The high court ruled 5-4 in 1997 that California tree fruit growers' First Amendment rights were not violated as a result of their having to pay for advertising. However, the 6th U.S. Circuit Court of Appeals ruled in a case filed by United Foods, a mushroom grower that refused to pay, that it could not be compelled to help fund collective ads commissioned by the Mushroom Council.
The main reason for the difference, according to the federal appellate court ruling, is that the California tree fruit industry is heavily regulated, while the mushroom industry is free of regulation.
The U.S. Department of Agriculture, which oversees the marketing programs, appealed to the U.S. Supreme Court, and last week, in an unusual move, the high court agreed to hear the case. Harvard University professor Laurence Tribe, an expert in First Amendment law who last week argued Vice President Al Gore's case in the U.S. Supreme Court, is one of the attorneys for United Foods.
POSSIBILITY OF REVERSAL
"It is rare that the Supreme Court revisits something as narrow within this short limit of time," said Dan Troy, a Washington lawyer. That could indicate there is a real possibility the Court may reverse its stance.
A number of food co-ops, including the representatives of the mushroom, beef, milk and egg industries, allied with the government on this issue, and filed a friend of the court brief in the 6th Circuit. They may also file a brief with the Supreme Court.
While the food co-ops maintain that individual growers and producers can be compelled to contribute toward the ads, ad industry representatives take the opposite view, arguing that ads are protected under the First Amendment as "commercial speech." They maintain requiring individuals to pay for an ad campaign is an unconstitutional form of "forced speech."
The current court case stems from the refusal of United Foods to chip in for mushroom-industry advertising, which totals about $1 million a year nationally. After the company refused, the Agriculture Department asked a federal district court in Tennessee to assess United Food about $8,000 a month, based on the quantity of mushrooms it produced. The lower court ruled in the government's favor, but United Foods appealed to the 6th Circuit, which agreed the assessment violated the First Amendment.
United Foods' lawyer, Bradley MacLean, said his client objects to the ads' content. "Generic advertising programs tend to send a message that mushrooms are a generic, homogenous product," Mr. MacLean said. "We try to send a message that our mushrooms are unique." Hoffman/Lewis, San Francisco, handles the Mushroom Council's advertising.
United Foods also objected to two specific campaigns for ethical reasons. A Valentine's Day initiative presented mushrooms as aphrodisiacs, which displeased the company, as did a joint program with a wine manufacturer.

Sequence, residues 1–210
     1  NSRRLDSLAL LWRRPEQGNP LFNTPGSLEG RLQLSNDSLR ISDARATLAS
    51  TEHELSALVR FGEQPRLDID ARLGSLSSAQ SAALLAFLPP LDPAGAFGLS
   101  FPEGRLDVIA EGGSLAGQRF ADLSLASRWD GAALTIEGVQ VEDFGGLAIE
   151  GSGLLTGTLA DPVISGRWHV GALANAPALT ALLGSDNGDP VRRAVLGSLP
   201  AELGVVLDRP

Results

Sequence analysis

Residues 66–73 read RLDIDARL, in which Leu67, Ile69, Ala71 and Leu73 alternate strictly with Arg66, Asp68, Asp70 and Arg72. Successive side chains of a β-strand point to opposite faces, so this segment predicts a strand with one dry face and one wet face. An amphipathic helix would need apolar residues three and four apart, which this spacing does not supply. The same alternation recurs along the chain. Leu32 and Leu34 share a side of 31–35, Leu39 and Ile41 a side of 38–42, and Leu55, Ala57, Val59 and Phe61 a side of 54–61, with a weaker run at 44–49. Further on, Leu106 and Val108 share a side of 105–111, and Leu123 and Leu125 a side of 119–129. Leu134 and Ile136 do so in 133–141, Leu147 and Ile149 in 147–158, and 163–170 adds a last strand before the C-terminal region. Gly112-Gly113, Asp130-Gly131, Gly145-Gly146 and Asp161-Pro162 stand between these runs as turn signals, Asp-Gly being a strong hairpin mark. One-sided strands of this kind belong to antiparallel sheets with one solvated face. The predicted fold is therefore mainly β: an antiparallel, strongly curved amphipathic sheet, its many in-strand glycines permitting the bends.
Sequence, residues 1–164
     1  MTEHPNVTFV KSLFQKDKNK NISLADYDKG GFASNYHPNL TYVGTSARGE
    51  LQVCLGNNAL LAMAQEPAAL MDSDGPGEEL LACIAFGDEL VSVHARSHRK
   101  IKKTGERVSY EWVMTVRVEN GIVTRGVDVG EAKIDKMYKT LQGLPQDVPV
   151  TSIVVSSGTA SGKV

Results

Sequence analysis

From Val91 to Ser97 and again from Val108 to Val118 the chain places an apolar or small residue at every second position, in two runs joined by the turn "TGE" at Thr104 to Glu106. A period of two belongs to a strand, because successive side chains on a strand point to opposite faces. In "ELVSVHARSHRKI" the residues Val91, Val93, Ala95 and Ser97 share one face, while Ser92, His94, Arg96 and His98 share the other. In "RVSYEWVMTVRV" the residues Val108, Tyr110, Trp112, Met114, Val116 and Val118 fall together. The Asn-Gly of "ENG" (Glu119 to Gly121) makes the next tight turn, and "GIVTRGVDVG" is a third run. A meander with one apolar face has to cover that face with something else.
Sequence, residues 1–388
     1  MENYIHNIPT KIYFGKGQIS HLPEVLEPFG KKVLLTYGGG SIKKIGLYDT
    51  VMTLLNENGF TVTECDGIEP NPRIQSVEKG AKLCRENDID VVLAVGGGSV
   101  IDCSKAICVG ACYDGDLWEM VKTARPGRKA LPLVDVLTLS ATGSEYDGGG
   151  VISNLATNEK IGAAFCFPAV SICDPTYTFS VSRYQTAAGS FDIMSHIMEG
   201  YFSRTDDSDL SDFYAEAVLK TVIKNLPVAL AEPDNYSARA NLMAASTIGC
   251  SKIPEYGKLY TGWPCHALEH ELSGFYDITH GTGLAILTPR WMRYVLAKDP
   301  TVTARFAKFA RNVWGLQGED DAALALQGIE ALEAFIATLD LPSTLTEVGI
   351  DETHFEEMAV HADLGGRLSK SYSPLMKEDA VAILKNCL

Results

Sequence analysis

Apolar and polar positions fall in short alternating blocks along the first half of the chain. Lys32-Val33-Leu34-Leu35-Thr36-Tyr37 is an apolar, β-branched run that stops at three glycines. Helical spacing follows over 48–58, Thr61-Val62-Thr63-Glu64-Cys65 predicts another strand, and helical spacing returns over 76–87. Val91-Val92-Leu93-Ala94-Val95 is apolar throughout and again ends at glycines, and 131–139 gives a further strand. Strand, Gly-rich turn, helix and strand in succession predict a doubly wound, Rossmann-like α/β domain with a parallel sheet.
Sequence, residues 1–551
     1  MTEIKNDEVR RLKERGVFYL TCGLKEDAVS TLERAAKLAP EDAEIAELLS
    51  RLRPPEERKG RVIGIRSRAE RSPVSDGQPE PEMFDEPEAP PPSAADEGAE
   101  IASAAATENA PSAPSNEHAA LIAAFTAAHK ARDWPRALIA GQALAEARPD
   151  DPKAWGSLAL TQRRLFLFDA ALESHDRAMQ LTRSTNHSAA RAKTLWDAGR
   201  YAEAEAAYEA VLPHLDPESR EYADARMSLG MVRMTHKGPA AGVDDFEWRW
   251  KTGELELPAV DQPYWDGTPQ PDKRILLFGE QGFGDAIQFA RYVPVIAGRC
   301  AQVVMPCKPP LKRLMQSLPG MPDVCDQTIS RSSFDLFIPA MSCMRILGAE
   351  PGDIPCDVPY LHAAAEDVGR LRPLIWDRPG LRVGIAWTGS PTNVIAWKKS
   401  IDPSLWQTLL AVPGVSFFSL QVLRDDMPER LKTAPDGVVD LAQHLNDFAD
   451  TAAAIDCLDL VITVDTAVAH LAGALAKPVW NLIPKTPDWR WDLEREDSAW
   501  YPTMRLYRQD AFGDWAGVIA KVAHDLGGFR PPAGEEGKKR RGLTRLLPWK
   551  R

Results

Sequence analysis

But the co-ops argue United Foods' reasons do not outweigh the common interests in promoting the industry. "This type of commodity advertising has proven to be effective and desirable," said John Roberts Jr., one of the lawyers for the co-ops. "Any time you have a collective advertising program, individual producers may feel differently," he said.
The high court decision to take the case comes amid attacks on the 29 marketing-board and promotional-order programs that control more than $600 million in advertising. In 1998 and 1999, news stories about spending by the Cotton Board on an annual ball and questions about the milk industry's success raised by the Department of Agriculture's Office of the Inspector General, prompted the Agriculture secretary to appoint a special panel to look closely at the program. Its report urged competitive bidding for advertising contracts and also that growers and producers be asked much more regularly whether they want the programs to continue.
Following the report, the Agriculture Department ordered a new referendum for pork producers and petitions have been filed and certified for a vote by beef producers. Pork producers have already voted on whether to continue the program under which they advertise "the other white meat" and results of the voting are due to be announced in December. The agriculture department in January is expected to order a referendum for beef processors.
Meanwhile, individual growers in several cases have challenged the assessments in federal and state courts under "compelled speech" arguments. Most individual challengers have lost in court, with the exception of the mushroom case now at the Supreme Court and a recent California case, in which the California Supreme Court ruled that forcing a plum grower to pitch in toward ads might violate the state's constitution.